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Apple's Success Has Made It Part Of The 'Payola Scheme'

Apple's Success Has Made It Part Of The 'Payola Scheme'
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Apple Inc. (NASDAQ: AAPL) recently reached a new milestone when the company's market cap hit $700 billion. That success didn't last long -- the Cupertino, California-based tech giant quickly dropped below $700 billion and currently rests at roughly $673 billion.

Apple still remains the biggest company in the world, a title it held and once lost in 2013. Consequently, the Mac maker has become a target for those who are looking to cash in on its success.

"Part of the problem with becoming a super-huge market cap company globally is that you kind of become part of the payola scheme for governments and tax collectors and various entities," Sean Udall, CIO of Quantum Trading Strategies and author of The TechStrat Report, told Benzinga.

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The list of "various entities" includes those who wish to sue. Apple is currently in court battling a 10-year-old case involving the iPod. Long story short, Apple is being accused of violating U.S. and California antitrust laws by preventing competing music formats from playing on the company's MP3 devices.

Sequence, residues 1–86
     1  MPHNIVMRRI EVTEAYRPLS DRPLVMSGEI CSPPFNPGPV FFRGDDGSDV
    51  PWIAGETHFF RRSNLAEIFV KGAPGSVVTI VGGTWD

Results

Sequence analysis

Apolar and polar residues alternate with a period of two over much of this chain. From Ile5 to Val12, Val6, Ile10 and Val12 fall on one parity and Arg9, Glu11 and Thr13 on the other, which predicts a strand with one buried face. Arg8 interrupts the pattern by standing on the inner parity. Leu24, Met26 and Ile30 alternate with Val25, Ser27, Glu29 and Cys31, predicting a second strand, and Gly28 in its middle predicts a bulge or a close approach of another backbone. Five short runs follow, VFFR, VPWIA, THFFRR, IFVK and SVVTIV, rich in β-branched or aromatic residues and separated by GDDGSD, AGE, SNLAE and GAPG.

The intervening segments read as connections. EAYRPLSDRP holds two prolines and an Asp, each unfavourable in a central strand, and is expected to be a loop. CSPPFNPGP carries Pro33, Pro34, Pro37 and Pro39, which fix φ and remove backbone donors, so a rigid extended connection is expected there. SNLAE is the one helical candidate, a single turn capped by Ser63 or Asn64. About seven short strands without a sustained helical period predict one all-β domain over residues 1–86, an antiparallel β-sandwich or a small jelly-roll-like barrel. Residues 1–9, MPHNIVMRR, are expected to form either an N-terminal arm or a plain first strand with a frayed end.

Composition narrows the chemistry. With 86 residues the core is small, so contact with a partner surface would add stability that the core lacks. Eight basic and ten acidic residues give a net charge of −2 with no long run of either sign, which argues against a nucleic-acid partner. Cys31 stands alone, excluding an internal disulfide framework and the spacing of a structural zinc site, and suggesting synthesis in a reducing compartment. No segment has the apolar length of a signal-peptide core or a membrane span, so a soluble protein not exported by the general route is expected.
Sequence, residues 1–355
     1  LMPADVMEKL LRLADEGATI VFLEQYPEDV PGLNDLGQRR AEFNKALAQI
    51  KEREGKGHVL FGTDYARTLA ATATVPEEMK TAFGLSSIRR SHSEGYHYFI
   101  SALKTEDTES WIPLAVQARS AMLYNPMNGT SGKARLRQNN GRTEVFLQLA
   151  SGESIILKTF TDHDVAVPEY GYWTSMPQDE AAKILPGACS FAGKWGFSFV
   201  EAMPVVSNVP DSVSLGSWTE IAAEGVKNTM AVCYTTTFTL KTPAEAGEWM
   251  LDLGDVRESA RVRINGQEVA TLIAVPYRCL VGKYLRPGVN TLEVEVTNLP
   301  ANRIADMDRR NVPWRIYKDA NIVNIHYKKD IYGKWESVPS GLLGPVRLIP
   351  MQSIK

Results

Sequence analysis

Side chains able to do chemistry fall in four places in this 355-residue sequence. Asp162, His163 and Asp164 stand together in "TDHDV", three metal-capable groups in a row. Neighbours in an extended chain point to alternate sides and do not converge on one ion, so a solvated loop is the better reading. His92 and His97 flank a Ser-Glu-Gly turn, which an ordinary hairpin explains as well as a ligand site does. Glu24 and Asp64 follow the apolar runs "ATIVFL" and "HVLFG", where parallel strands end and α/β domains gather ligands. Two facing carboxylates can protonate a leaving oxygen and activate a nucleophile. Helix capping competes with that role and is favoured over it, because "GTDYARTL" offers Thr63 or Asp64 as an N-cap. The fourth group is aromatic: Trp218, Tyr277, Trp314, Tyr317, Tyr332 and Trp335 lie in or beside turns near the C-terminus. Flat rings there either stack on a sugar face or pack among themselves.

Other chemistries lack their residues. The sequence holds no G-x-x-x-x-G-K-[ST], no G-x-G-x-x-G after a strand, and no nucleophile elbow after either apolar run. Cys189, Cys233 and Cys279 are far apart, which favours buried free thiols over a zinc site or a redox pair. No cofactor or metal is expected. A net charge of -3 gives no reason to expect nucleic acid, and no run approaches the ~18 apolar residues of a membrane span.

Apple settled its e-book pricing lawsuit earlier this year, but the company has taken the iPod lawsuit all the way to trial.

"A lot of companies don't fight stuff like this," Udall added. "Apple takes a little bit different of a corporate stand. They tend to fight them a little longer. They tend to string them out in court a little longer. And they have won."

Too Little, Too Late?

Tech industry expert and analyst Jeff Kagan wonders if the iPod suit -- filed in 2005 -- is ultimately too late.

"The opportunity has already risen, crested and fallen," Kagan told Benzinga. "If you look at these opportunities, Apple is a company that takes advantage of the wave. The wave rises, crests and falls -- just like a wave at the beach. For the first bunch of years you're on the growth side. Everything is getting better. Then the crest sort of comes down and it's a declining business."

iPhone sales continue to rise, but iPod sales have been declining for a couple of years.

"That iPod business is already on the declining side," Kagan added. "It has been for years. People are using their iPhones, their tablets and they're listening to music on a variety of devices. In fact, Apple is struggling now with declining music sales. It's a shrinking market."

Disclosure: At the time of this writing, Louis Bedigian had no position in the equities mentioned in this report.

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